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July august wildebeest migration

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July - August Wildebeest Migration …

July - August Wildebeest Migration


Wildebeest Migration - The Migration Made Simple

Wildebeest location updates (see below) and a month by month guide to lodges and camps giving you the best opportunity to witness the east Africa’s wildebeest migration.

The endless plains of east Africa are the setting for the world’s greatest wildlife spectacle - the 1.5 million animal ungulate (wildebeest) migration. From the vast Serengeti plains to the champagne colored hills of Kenya’s Masai Mara over 1.4 million wildebeest and 200,000 zebra and gazelle, relentlessly tracked by Africa’s great predators, migrate in a clockwise fashion over 1,800 miles each year in search of rain ripened grass.

There is no real beginning or end to a wildebeest's journey. Its life is an endless pilgrimage, a constant search for food and water. The only beginning is at the moment of birth. An estimated 400,000 wildebeest calves are born during a six week period early each year - usually between late January and mid-March.
Click here to contact us about this safari
Website: www.eyesonnatureexpeditions.com
EMAIL: info@eyesonnatureexpeditions.com
Read more testimonial about us herehttp://www.beouthere.com/travelreviews/view_travel_operators_review.php?toid=18249&rpa=5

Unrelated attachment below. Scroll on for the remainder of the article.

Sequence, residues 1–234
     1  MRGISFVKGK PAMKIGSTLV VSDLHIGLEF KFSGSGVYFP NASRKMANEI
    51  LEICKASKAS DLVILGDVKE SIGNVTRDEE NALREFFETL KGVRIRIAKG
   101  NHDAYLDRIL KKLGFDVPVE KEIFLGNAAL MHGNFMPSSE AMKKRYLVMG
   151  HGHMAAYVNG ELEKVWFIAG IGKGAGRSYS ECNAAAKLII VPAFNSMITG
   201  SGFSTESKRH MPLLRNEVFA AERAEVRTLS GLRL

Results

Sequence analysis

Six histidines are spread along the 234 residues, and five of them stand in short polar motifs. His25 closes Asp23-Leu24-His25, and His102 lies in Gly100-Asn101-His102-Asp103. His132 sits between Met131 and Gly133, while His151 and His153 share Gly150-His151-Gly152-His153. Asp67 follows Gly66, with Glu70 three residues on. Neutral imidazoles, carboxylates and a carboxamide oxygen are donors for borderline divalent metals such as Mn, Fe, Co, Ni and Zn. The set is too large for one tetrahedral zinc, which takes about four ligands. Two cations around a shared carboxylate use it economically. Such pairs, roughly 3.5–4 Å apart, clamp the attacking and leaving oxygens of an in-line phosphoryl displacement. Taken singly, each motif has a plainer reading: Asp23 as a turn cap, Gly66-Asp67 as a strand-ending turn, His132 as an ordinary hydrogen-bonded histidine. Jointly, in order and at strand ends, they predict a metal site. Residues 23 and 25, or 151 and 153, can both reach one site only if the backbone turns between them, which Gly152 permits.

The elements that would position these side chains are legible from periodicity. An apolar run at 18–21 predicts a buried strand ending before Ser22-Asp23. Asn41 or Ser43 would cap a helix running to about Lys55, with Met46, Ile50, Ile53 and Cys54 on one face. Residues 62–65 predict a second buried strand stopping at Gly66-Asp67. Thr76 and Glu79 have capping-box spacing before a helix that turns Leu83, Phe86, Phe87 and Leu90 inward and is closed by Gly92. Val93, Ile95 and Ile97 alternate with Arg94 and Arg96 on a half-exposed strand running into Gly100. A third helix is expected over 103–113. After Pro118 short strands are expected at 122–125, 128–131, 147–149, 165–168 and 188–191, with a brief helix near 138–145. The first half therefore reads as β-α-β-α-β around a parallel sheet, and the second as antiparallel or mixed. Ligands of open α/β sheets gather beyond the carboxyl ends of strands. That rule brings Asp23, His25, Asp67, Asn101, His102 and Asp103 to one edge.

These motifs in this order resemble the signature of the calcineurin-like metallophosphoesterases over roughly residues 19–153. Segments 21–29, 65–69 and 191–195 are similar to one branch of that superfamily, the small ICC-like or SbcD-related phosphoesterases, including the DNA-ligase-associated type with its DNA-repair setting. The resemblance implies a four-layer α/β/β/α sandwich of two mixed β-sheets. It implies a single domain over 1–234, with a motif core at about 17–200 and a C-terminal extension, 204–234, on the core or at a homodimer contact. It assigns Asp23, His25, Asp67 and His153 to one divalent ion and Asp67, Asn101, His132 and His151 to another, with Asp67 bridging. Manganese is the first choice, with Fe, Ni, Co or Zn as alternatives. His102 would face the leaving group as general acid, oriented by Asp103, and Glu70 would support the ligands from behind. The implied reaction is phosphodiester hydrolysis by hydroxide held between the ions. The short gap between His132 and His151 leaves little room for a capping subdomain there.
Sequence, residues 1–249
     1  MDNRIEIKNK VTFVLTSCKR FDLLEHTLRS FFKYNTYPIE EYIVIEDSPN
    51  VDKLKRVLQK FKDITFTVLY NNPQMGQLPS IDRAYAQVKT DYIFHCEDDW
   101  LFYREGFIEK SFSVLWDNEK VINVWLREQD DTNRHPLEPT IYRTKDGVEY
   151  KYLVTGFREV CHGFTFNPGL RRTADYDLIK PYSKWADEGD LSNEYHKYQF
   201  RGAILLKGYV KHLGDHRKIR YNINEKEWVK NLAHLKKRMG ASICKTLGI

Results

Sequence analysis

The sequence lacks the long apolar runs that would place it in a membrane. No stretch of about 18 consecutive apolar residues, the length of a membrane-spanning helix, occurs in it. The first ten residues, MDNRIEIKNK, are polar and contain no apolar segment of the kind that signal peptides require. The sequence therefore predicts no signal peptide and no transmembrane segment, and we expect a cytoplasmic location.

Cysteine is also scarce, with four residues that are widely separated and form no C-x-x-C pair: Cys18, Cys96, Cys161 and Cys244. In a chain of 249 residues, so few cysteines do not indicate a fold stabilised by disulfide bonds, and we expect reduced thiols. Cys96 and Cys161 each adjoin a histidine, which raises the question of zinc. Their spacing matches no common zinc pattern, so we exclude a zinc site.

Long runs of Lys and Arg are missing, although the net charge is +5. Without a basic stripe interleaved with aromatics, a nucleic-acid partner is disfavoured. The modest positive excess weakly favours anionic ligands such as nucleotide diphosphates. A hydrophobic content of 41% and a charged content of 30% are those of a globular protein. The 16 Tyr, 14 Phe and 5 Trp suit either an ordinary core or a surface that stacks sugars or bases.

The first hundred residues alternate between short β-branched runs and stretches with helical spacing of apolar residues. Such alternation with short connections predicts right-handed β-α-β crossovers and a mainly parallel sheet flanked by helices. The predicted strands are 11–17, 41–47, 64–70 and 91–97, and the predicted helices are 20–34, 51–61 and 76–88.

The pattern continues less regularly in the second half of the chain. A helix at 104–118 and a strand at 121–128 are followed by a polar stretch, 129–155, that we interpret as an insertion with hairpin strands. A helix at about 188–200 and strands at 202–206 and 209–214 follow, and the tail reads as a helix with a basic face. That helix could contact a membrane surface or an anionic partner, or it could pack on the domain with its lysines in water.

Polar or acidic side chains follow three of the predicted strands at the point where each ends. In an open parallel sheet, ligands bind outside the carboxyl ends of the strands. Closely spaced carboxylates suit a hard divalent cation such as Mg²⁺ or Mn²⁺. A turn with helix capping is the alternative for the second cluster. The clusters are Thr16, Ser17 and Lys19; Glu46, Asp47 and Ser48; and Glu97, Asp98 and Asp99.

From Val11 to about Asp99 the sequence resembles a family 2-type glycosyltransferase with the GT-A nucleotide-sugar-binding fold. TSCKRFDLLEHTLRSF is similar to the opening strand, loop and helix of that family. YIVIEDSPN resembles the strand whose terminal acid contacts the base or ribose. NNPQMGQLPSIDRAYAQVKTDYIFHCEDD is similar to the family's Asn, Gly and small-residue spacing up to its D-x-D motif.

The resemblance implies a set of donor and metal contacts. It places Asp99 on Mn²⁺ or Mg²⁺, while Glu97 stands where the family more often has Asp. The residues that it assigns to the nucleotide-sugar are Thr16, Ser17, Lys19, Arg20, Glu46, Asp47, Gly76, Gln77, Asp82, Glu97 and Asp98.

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  • 1. C o m m e r c e H o u s e , 3 r d F lr. , R m 3 1 1 - M o i A v e n u e E m a il: in f o @ e y e s o n n a tu r e e x p e d it io n s . c o mP .O . B o x 7 9 4 5 6 - 0 0 2 0 0 , N a ir o b i - K e n y a s a le s @ e y e s o n n a tu r e e x p e d it io n s . c o mT e le fa x : + 2 5 4 -2 0 - 2 2 2 9 7 8 1 b o o k in g @ e y e s o n n a t u r e e x p e d itio n s . c o mC e ll: + 2 5 4 7 2 4 2 9 4 6 0 8 / 7 3 4 9 3 9 3 0 8 W e b s i te : w w w . e y e s o n n a u r e e x p e d it io n s . c o mJuly - August Wildebeest MigrationWildebeest Migration - The Migration Made SimpleWildebeest location updates (see below) and a month by month guide to lodges andcamps giving you the best opportunity to witness the east Africa’s wildebeest migration.The endless plains of east Africa are the setting for the world’s greatest wildlife spectacle- the 1.5 million animal ungulate (wildebeest) migration. From the vast Serengeti plainsto the champagne colored hills of Kenya’s Masai Mara over 1.4 million wildebeest and200,000 zebra and gazelle, relentlessly tracked by Africa’s great predators, migrate in aclockwise fashion over 1,800 miles each year in search of rain ripened grass.There is no real beginning or end to a wildebeests journey. Its life is an endlesspilgrimage, a constant search for food and water. The only beginning is at the moment ofbirth. An estimated 400,000 wildebeest calves are born during a six week period earlyeach year - usually between late January and mid-March.As of September 1, 2008: The Wildebeest herds are currently in the northern areas ofTanzanias Serengeti National Park and in Kenyas Masai Mara Reserve. Wildebeest havebeen crossing the Mara River daily. Guests staying at the Governors Camps in the Maraand at Migration Camp in the Serengeti have been seeing hundreds of thousands ofwildebeest and zebra daily.As of November 1, 2008: October continued a trend of cool mornings and warm days inKenyas Masai Mara. The migrating herds of wildebeest and zebra have grazed the Maragrasses right down. The northern and central areas of the Serengeti have received somevery heavy rain showers and the herds have followed their noses in search of lush, greengrass. The end of the month was marked by large river crossings as wildebeest and zebraleft the Mara on their long trek down south. The herds now stretch from Lobo through theTagora plains area to central Seronera area and down to Naabi Hill. It is common toreceive patches of wet weather in the Serengeti towards the end of the dry season (inOctober), so the rain may just be this and not an early onset of the short rains. If this isthe case, it will dry out rapidly and the wildebeest will head back north until they feel the